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How To Streamline Ops with your ERP Software

 
2017-07-31 
Cecily Musso-Britton 
 
In the business world you are sure to come across great influxes of information that can seem almost daunting to concur because there is so much to sift through and organize. Some of the most prevalent information that can become alarming is the kind that relates to customers, orders, and receiving payments, and without a structured data system it may be easy to lose track of this valuable information. There are methods to help wheel in the information you have and manipulate into an organized and easy arrangement, which are called enterprise information systems.

Enterprise information systems are not as complex as they sound but are extremely beneficial to a business and its transactions because it takes all of the guessingŁ work out of organizing important information and correlating it to relevance in specific situations. The systems work by a process of flowsŁ, each one helping further classify information and depict its significance for the entity. 

In this article we will explore the four types of flows that help categorize and regulate information within an enterprise information system.

Business Process Flow

The first flow of the process is called the physical flow and it represents the physical activities that are involved with the business transaction taking place, including information such as dates, locations, quantities, and addresses. This flow is important because it is the initial nesting ground for information to come into an entity and continually be sifted through until it finds its ending home. The information that feeds through this flow is often modified and changed in order to adapt to demands, an example of a change of information that would affect the physical flow aspect of the systems process would be the changing of an order shipment address to a new location.

The Paper Chase

From the physical flow the information gathered is sorted and distributed into the categories of data and document flow. These flows deal with the actual data and documents that are required to complete transactions an entity obtains, and they take the job of the physical flow a step further. Data and document flows retrieve the information an entity needs in order to track its services, this information includes purchase orders, invoices, and account numbers. This flow is a vital component of the overall systems process because it is updated to show the completion of the steps associated with a transaction for the entity. Documents accompany a transaction each step of the way from the beginning purchase order to the final billing notice and it is critical to have this information as up to date as possible and accessible in order to account for changes or modifications within the transaction process that may occur.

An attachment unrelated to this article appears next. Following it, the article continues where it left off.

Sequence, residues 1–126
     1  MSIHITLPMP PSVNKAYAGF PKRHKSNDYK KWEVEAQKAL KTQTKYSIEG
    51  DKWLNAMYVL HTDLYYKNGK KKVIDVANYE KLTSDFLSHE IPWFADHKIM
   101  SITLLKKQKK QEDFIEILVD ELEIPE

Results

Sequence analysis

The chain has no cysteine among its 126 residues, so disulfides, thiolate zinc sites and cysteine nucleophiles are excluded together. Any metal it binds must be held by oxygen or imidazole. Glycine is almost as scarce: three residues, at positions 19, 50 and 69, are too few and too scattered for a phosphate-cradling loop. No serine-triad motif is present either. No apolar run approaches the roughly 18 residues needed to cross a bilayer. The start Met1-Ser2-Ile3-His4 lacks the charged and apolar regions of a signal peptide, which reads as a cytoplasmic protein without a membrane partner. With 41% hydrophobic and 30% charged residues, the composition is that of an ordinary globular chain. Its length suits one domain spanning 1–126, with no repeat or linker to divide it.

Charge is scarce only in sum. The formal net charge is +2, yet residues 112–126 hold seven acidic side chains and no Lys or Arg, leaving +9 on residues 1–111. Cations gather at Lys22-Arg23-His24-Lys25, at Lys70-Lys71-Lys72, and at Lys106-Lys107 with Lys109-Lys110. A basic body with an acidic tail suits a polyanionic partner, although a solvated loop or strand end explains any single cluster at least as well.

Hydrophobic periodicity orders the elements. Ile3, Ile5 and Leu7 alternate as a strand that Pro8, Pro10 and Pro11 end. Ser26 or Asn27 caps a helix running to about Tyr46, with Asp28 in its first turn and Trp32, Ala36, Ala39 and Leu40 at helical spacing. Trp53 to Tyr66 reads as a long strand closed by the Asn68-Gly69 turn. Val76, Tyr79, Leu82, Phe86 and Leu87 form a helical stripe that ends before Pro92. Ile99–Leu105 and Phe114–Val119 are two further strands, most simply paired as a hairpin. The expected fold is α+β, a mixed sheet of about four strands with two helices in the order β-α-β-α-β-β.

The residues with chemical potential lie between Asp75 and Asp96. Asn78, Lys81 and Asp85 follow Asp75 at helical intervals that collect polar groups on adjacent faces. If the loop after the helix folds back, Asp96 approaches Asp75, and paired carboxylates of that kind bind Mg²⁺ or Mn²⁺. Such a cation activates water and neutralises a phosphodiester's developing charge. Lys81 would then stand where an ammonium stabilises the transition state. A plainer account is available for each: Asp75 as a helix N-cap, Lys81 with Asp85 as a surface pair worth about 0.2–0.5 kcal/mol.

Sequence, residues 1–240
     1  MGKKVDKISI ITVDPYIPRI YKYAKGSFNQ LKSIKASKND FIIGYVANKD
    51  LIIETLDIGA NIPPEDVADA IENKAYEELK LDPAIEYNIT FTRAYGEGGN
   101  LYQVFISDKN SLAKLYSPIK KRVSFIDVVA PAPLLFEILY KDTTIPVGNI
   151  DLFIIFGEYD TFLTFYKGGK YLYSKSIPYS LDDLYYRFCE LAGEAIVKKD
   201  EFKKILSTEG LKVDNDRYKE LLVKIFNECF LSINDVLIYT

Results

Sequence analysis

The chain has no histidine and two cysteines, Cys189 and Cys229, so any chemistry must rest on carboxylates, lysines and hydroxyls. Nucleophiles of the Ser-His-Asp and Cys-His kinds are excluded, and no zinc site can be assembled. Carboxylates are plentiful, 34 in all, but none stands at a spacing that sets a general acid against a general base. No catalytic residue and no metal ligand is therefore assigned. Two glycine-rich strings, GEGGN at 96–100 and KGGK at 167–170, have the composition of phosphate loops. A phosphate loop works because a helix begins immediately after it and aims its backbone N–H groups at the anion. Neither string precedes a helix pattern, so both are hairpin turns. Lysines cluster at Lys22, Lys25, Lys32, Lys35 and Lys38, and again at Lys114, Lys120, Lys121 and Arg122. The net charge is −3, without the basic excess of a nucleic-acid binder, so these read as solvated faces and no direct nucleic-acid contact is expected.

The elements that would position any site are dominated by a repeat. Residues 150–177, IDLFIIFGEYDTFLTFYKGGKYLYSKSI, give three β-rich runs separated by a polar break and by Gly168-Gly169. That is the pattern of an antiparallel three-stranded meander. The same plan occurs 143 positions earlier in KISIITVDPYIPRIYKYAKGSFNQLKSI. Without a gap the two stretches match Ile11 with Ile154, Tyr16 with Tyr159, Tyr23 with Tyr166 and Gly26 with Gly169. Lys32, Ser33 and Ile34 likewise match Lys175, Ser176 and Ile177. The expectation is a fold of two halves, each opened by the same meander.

The Business Data Stream

The final flow that is connected to an enterprise information system is the information flow. In this flow all of the information that is accumulated in the physical, data, and document flows is routed and correlated to become meaningful and useful in all aspects of the process. The information gathered is stored so that it can be used, manipulated, adjusted, or any other form of modification by the entity. Some examples of what information from this flow is used for are sales reports, production reports, and summaries of customer orders that were fulfilled. This final destination is the home for all of the data within an entity that allows it to conduct services; it is the brain of the enterprise information system and gives it life to run effectively.

Currently in my place of work we have a system in place that tracks incoming student information. When a student inquires about a program there information is placed into a physical flow where any information we need in order to contact them is retrieved. As the student progresses through an acceptance to the program process their information runs into the data and document flows which allow us to gather personal information and documents, such as teaching certificates, transcripts, and recommendations. 

Finally, once a student has been accepted into a program their information is stored in an information flow component that allows any individual within the entity to access the students file and information; within this aspect the information can also be updated and modified. Without a system like this in place at my place of work it would be impossible to track all of the information for inquiring students, and it would be very hard to keep track of changes made to their files, such as phone number or address changes. The fact that a student's file is stored in its entirety within the system is also incredibly beneficial because it leaves very little room for human error.

Enterprise information systems are crucial in today's business environment because not only do they help eliminate stress and error but they also provide a proficient and easy way to manage vital information for an entity. It is almost impossible to go into an establishment in today's market that does not have some form of an enterprise information system in place. Knowledge of these systems is relevant because it gives one an understanding to the background of how the system works and what it is suppose to accomplish, it also is necessary to understand the system in order to know how to manipulate information within one if needed. 


 
 

 

 

 

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